Hold Still

Book review by
Rachel Sarah, Common Sense Media
Hold Still Book Poster Image
Stunning, hopeful story about healing from loss.

Parents say

age 17+
Based on 2 reviews

Kids say

age 14+
Based on 2 reviews

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A lot or a little?

The parents' guide to what's in this book.

Educational Value

Shows how losing someone to suicide can affect your sense of self-worth. Provides information about social anxiety, photography, journaling, and grieving.


Positive Messages

Empathy and kindness are crucial to healing. Reach out to others when you're in pain. It's challenging to heal after losing someone you love, but if you get support and take the time to heal, you can find the courage to move on.

Positive Role Models & Representations

Although Caitlin feels devastated and hopeless, she does find ways to heal and reconnect with people who love her. Her parents are supportive, as are Ingrid's. Her friend Dylan is honest and open with her, and there for her.


Mentions of suicide throughout the story and references to Ingrid cutting herself with the sharp tip of a knife.


Some kissing and making out, such as Caitlin wrapping her "legs around his waist" and kissing Taylor. 


Infrequent swearing: "f-you," "bitch," "s--t," "you suck."

Drinking, Drugs & Smoking

Mentions of beer, but no drinking or smoking.

What parents need to know

Parents need to know that Hold Still, the first novel written by Nina LaCour, winner of the 2018 Michael L. Printz Award for the young adult novel We Are Okay, is a heartbreaking, engrossing, and inspiring story about 16 year-old Caitlin, who recently lost her best friend to suicide. When she returns to school, she feels very hurt and confused, and her photography class, once a safe place, now makes her feel lonely. There are mentions of suicide, serious depression, and cutting. There are also themes of grieving and moving on. There are some tender scenes of teens kissing. Strong language isn't frequent but includes "f-you," "bitch," "s--t," "you suck."

User Reviews

  • Parents say
  • Kids say
Adult Written byJulie H. November 13, 2020

Mature Audience but powerful message

While this novel does contain some very mature content at times, the overall message is very empowering for anyone who is learning to overcome the loss of a bes... Continue reading
Adult Written byChoose a password May 25, 2019


This book is a never ending novel on sadness. I regretfully inform others tgat its a depressant and you need to be aware of that. There are parts where she rubs... Continue reading
Teen, 16 years old Written byBodhiDW February 19, 2021

very well written

this book made me cry at so many times and it is so well written. it goes through stages of grief and has amazing character development. i really recommend this... Continue reading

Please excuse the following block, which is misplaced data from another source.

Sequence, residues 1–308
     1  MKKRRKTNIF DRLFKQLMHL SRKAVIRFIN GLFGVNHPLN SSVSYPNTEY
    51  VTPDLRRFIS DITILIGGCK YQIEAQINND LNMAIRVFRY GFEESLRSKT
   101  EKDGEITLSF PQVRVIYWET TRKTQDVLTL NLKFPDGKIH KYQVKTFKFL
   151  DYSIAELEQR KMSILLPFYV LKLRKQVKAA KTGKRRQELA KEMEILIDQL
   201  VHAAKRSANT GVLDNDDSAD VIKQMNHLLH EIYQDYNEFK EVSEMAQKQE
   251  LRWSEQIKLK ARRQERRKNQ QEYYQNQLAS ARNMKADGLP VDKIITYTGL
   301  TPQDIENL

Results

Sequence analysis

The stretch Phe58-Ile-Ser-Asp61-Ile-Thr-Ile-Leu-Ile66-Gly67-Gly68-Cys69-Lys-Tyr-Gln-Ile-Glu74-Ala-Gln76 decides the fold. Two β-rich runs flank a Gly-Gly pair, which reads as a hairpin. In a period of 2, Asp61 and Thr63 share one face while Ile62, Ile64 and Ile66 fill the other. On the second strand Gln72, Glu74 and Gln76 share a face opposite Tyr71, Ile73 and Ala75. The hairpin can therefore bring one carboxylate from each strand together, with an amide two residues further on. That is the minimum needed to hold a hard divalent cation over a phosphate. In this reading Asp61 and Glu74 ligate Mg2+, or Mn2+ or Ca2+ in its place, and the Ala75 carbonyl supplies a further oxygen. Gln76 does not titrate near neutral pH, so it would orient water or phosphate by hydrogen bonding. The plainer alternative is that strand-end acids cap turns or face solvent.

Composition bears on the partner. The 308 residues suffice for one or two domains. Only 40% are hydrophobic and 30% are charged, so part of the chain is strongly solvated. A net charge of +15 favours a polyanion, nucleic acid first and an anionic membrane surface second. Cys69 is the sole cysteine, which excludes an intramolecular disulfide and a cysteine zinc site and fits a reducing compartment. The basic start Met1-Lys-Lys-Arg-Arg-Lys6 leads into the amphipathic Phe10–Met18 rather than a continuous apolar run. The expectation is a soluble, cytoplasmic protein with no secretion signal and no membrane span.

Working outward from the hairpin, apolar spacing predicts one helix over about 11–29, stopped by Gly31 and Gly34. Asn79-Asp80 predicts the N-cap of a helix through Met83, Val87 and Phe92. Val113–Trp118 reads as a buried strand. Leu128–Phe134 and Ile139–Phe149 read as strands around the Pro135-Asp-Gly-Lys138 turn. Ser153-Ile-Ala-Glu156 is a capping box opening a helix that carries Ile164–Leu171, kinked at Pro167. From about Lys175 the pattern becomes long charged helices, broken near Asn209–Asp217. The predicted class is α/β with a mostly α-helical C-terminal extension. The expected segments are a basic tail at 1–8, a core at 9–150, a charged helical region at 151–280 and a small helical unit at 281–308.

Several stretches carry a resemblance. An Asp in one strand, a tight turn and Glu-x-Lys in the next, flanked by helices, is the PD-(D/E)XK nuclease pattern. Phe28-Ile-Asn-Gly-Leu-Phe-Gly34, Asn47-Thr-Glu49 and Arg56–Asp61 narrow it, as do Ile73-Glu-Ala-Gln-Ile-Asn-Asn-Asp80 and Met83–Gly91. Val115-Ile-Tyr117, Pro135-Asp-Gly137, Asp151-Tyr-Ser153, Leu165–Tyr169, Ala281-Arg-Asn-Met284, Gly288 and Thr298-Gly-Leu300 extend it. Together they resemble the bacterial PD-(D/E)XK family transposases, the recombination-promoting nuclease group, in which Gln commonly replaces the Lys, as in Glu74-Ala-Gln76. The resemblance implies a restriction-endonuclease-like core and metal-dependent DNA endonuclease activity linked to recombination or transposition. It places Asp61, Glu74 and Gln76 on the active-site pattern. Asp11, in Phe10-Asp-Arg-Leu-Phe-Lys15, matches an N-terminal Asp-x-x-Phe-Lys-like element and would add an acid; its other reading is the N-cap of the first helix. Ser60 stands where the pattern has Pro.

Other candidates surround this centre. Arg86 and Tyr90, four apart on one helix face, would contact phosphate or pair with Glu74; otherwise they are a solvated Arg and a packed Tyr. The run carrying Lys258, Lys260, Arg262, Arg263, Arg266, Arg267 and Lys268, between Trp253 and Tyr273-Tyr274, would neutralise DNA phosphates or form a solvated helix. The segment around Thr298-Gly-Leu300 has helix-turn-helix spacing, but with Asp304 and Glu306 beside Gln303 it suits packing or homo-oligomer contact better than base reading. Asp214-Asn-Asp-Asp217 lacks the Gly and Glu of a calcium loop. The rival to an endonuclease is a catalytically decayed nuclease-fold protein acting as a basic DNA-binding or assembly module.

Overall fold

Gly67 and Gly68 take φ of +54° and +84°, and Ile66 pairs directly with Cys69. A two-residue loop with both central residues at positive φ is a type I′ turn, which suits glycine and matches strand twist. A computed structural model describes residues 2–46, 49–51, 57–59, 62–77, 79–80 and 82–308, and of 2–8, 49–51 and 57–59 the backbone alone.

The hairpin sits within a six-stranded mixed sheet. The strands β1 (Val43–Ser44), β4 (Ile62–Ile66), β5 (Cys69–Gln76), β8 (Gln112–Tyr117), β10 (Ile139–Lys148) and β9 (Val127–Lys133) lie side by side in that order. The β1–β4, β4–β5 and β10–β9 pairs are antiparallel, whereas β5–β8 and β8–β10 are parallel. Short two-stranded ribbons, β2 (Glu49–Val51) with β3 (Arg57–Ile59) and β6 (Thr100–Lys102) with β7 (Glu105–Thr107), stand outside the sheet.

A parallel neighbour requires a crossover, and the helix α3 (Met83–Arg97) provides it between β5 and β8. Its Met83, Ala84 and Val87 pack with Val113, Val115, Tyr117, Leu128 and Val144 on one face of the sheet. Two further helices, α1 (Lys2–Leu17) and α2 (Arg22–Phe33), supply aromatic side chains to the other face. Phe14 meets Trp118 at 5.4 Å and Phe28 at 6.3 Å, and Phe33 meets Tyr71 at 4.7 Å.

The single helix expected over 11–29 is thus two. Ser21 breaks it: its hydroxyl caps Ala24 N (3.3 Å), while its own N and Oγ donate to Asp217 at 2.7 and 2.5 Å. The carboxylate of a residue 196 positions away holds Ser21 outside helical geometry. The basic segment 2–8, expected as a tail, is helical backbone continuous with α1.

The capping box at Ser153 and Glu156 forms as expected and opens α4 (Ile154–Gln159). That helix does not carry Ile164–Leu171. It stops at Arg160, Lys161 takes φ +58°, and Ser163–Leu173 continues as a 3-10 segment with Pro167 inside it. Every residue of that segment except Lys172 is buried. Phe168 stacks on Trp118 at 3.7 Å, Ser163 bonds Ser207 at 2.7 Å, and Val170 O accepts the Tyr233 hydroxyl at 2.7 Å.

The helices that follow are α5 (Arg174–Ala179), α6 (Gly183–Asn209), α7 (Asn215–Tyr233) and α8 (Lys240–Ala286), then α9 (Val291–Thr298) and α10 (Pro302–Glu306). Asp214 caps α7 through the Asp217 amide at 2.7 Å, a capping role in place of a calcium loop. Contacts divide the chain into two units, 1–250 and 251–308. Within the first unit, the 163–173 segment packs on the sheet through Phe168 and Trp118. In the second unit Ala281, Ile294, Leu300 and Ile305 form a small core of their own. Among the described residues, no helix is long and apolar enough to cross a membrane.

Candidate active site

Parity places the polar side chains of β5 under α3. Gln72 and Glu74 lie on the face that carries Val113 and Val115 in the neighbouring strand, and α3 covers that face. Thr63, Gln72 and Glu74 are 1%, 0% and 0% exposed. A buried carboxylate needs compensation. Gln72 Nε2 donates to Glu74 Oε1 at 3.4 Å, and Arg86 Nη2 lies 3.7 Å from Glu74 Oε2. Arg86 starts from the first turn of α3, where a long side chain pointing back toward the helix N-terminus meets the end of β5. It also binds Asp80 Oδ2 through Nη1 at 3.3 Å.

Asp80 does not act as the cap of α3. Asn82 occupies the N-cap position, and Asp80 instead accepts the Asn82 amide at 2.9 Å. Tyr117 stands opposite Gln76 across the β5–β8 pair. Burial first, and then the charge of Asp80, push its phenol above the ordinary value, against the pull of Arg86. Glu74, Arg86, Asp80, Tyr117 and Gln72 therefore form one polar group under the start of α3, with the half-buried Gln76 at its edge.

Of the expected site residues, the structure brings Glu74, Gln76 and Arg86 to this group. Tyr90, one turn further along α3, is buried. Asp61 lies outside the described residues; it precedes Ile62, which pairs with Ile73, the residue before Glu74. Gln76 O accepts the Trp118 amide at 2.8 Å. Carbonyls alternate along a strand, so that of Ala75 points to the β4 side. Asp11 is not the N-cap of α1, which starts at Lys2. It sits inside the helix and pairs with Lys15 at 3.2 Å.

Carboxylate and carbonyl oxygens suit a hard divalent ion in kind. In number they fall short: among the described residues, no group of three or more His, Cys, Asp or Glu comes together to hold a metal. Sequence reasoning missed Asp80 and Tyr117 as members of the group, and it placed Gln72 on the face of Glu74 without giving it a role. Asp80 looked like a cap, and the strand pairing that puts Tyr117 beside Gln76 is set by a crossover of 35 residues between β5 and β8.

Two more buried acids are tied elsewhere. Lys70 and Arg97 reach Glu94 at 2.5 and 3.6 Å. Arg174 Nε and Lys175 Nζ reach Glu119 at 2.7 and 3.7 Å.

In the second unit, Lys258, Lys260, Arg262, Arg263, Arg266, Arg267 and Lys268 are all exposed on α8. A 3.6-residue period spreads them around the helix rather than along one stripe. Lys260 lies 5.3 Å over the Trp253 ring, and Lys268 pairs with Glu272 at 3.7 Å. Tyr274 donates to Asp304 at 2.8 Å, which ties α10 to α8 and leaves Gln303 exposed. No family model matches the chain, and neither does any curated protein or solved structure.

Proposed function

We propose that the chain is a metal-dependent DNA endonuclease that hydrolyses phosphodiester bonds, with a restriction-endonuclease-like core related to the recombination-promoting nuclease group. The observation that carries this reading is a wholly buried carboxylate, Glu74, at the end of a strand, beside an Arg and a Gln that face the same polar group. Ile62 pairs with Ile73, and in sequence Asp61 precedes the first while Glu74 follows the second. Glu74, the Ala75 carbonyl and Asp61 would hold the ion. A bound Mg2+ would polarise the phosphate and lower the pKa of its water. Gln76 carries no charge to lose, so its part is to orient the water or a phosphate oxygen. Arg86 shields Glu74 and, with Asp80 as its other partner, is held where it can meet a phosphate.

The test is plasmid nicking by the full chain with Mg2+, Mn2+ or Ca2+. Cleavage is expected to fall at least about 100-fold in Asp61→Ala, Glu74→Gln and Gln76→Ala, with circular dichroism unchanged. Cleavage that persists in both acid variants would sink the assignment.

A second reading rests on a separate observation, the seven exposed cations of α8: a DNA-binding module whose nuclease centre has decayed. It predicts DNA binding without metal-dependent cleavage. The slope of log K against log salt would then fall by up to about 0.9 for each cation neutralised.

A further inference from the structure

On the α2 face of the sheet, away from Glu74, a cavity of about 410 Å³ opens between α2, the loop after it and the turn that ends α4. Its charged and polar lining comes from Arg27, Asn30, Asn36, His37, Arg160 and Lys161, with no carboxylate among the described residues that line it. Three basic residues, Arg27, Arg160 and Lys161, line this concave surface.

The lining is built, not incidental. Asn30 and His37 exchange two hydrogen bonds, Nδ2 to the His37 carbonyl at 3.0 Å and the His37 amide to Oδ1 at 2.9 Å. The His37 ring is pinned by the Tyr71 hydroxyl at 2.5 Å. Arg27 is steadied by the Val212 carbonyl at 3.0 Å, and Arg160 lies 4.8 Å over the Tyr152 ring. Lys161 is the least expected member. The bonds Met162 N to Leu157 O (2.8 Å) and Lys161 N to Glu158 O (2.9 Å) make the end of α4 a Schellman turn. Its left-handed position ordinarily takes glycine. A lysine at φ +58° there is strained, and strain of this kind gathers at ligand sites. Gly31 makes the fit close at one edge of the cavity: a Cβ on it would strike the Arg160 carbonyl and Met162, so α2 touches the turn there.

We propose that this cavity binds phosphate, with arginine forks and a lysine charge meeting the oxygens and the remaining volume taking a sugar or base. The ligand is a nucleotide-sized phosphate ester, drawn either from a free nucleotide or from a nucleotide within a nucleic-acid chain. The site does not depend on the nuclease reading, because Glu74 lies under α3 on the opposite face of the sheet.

Teen, 15 years old Written byHRM1104 July 16, 2018

What's the story?

In HOLD STILL, 16-year-old Caitlin recently lost her best friend Ingrid to suicide. She's numb and shut down, unable to talk to anyone, including her concerned parents. She's supposed to go back to school in the fall, but it's so painful without Ingrid. Even worse, her favorite teacher ignores her in photography class. Determined to find out why Ingrid took her own life, Caitlin starts to read her friend’s journal, and she uncovers dark memories as well as uplifting ones. The story's also interspersed with beautiful illustrations and journal entries. As family and new friends support her, Caitlin finds love again and heals. 

Is it any good?

Heartbreaking but ultimately uplifting, this poignant novel captures the depth and reality of losing a friend to suicide. Hold Still is a vivid, emotional story told in incredibly poetic haunting language. "Something is smashing my chest -- an anchor, gravity," Caitlin says at the beginning of the book. "Soon I'll cave in on myself." Even though the subject matter is heavy, author Nina LaCour brings to the page what it's like to experience the depths of depression and also how to grieve and move on. Readers will feel both the loss of a friend and the strength of being able to live your life again. 

Talk to your kids about ...

  • Families can talk about the depression described in Hold Still. Have you ever experienced depression? Whom did you turn to? What ways can you get support if you or someone you know is experiencing depression?

  • Do you think art helps people heal when coping with a loss? What ways do you take care of yourself when you're grieving? Whom can you turn to? What help is out there?

  • What do you think of the book's title? What do you think the author is referring to when she says "Hold Still"?

Book details

Our editors recommend

For kids who love coming-of-age tales and grief stories

Themes & Topics

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